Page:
Is it cheating to include both parts as one list entry? No. It’s my blog and I say it’s fine; to examine these episodes individually is to completely rob them of an impact that can only be appreciated when they’re viewed as a single entity (and besides, who in their right mind only watches Part 1 and not Part 2, or – perhaps even more unforgivably – vice-versa!?). My reasoning behind their inclusion is grounded almost entirely in the writing, and the way that Bill Oakley and Josh Weinstein constructed a puzzle that, despite being solvable, left a nation of viewers on tenterhooks for 3 months (The AV Club recently ran a great piece on the making of these episodes, so by all means take a brief interlude from this list and check it out. But make sure you come back!). Indeed, the delicately-placed clues are so well done that any outrage one might feel after the big reveal – and I mean, at that time, after waiting so long, I can kind of understand – is immediately dispelled once the subtle hints are pointed out.
However, that the writing staff were able to craft such a legitimately perplexing mystery with a wholly justifiable solution is almost (but not quite) secondary to the fact that they managed to keep the secret under wraps until the time came for the big reveal. The sheer heft of the promotional campaign behind this brief narrative arc (lest we forget, for all the bluster, the two parts together run at a brisk 40-odd minutes) meant that it went without saying that any kind of leak would have seen a lot of heads rolling, but the team managed to keep it quiet under what was undoubtedly some intense pressure. I mean, think about it. Today we’re living in the age of the spoiler – with an army of loose-lipped web sleuths seemingly on active duty 24/7, if Who Shot Mr Burns? were done today the killer’s identity would barely remain secret for 3 days, let alone the improbable 3 months it managed back in 1995 (hey, these episodes are 20 years old this year! Neat).
I guess I’d have to consider this episode (or pair of episodes, if you’re feeling particularly pedantic) as something of a unique entry on the list given that it’s probably the only one of the whole ten on here that I feel actually has a legitimately great story. As someone who loves a good mystery but lacks the patience to wait out an entire season (as fans of Dallas, the show whose Who Shot J.R? arc provided the inspiration, had to do. I mean, come on.), it’s pretty much perfect.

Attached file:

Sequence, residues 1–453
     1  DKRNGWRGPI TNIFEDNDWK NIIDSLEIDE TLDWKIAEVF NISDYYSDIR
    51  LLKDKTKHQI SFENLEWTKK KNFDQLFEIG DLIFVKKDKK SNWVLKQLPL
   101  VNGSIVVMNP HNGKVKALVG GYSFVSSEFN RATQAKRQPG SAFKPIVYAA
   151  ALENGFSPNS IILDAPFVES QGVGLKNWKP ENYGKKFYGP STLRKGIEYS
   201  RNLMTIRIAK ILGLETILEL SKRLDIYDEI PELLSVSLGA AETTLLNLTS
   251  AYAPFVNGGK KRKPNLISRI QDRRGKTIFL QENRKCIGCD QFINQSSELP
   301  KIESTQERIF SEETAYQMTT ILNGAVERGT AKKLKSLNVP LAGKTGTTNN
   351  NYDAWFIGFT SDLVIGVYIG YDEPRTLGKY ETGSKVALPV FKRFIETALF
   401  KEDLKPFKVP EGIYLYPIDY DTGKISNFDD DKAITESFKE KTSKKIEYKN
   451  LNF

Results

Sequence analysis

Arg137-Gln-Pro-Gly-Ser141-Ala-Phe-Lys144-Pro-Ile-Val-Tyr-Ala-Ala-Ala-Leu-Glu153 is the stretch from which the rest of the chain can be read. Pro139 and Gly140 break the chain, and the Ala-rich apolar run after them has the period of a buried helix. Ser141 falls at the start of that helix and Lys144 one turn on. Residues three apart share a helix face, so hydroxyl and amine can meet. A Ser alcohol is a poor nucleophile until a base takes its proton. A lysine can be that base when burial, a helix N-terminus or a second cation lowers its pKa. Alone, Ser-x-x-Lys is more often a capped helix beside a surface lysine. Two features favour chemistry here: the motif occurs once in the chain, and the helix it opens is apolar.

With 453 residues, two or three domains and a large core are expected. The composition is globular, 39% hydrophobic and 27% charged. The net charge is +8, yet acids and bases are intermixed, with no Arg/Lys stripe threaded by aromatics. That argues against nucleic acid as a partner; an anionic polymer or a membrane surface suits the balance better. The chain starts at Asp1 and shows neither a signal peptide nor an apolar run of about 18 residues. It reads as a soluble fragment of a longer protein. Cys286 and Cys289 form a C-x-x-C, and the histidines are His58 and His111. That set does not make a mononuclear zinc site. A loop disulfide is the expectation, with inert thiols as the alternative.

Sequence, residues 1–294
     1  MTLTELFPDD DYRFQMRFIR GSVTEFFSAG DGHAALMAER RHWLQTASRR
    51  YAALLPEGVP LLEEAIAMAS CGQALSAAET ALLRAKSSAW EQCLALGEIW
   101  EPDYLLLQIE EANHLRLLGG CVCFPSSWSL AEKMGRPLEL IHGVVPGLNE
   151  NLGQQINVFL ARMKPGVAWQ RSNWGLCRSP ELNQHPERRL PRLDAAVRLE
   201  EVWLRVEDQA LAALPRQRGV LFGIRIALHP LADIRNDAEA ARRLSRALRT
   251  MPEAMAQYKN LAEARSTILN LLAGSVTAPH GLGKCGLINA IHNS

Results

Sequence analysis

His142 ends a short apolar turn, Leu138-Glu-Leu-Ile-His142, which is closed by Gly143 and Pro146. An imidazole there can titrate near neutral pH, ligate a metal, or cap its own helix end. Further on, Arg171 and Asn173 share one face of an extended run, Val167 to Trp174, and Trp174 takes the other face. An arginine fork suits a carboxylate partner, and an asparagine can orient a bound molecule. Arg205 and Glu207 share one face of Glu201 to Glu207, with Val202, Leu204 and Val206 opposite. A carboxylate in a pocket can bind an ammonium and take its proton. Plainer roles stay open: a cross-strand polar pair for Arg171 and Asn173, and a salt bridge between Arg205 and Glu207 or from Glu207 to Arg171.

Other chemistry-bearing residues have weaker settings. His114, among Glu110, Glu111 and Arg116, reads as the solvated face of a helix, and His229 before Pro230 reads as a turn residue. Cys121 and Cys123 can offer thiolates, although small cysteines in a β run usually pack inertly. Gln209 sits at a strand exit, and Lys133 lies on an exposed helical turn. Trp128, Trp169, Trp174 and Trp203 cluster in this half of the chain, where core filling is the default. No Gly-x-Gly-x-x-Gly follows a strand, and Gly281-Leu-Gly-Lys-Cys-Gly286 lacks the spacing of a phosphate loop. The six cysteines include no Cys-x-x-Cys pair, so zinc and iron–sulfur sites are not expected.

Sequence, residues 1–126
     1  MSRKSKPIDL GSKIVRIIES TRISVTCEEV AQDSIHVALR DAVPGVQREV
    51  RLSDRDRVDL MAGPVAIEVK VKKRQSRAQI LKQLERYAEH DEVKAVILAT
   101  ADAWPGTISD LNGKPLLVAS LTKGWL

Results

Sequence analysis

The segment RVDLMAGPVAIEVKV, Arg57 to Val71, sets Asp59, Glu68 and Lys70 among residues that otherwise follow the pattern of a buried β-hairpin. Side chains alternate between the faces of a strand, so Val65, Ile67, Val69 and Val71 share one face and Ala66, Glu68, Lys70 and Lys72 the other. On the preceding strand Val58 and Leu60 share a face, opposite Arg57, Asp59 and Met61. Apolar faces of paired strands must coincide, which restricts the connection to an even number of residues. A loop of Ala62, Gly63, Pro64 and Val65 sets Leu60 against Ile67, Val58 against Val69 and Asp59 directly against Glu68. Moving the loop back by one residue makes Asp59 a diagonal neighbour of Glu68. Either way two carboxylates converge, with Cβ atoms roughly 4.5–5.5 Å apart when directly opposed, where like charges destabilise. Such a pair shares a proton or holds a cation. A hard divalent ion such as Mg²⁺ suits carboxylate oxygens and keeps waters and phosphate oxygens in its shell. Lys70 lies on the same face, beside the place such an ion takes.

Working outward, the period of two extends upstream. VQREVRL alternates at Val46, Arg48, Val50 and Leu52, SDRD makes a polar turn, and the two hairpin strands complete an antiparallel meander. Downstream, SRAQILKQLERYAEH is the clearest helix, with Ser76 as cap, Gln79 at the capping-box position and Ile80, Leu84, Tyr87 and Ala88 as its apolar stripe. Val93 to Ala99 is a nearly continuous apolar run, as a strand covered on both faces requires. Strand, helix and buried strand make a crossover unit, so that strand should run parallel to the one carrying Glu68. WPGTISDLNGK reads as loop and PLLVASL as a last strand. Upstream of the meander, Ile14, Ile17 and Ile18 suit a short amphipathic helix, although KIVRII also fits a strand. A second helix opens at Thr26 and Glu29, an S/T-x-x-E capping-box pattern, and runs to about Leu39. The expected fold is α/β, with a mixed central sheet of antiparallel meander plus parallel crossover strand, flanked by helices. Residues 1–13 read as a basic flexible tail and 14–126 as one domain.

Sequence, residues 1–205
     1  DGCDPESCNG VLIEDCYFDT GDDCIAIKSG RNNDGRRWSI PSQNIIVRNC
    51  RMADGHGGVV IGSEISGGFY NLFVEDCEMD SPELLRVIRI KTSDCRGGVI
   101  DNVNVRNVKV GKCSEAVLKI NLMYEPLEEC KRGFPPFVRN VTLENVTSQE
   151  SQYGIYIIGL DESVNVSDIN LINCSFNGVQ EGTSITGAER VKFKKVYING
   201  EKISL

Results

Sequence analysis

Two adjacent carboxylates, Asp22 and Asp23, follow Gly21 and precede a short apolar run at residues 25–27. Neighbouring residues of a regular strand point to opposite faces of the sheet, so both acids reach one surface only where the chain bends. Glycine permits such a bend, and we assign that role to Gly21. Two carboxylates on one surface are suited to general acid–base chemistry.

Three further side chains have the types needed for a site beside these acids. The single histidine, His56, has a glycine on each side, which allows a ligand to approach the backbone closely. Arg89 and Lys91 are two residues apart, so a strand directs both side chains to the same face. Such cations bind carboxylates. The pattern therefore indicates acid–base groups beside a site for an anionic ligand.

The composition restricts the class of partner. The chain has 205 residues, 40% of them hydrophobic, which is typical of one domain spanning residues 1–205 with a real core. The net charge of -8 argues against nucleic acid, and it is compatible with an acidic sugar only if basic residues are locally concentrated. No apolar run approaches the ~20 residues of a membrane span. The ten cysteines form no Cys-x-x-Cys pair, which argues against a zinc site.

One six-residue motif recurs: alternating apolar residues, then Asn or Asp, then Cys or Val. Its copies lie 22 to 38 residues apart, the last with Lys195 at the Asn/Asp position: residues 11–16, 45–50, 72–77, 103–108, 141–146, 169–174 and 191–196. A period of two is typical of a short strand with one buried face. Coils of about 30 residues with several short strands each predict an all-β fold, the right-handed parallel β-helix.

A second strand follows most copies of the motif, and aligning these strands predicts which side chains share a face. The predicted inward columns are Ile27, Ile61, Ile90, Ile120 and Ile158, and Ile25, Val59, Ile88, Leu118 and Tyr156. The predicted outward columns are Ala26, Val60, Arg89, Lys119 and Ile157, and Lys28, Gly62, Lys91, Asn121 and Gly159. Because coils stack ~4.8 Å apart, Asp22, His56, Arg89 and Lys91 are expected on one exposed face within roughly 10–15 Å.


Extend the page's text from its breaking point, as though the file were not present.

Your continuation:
- “Man alive! There are… men alive in here!”
- “I’ll kill that Mr Burns! And… Uhh.. Wound that Mr Smithers!”
- “You know those guitars that are… like… double guitars?”
3. Treehouse of Horror V (Season 6, Episode 6)
Yeah, that’s right. First I include a two-parter as one entry, and then a Halloween episode makes it into the top 3? As somebody who, generally speaking, absolutely loathes holiday-themed episodes there is part of me that is willing to acknowledge the incongruity of this choice, but then I remember the sheer brilliance of the three tales told within and all is forgotten. For those whose knowledge of Treehouse of Horror stories by episode is lacking all that really matters is that this is the only collection you need to be aware of; The Shinning is, obviously, a yellow-skinned send-up of one of the most influential scary stories ever written, Time and Punishment (inspired by Ray Bradbury’s A Sound of Thunder) sees Homer zig-zagging through various periods both past and future, and Nightmare Cafeteria (which is an admittedly terrible name – I much prefer Jimbo Burgers for this one) posits a grim reality wherein hungry teachers fatten up their students for later consumption in an homage to Soylent Green.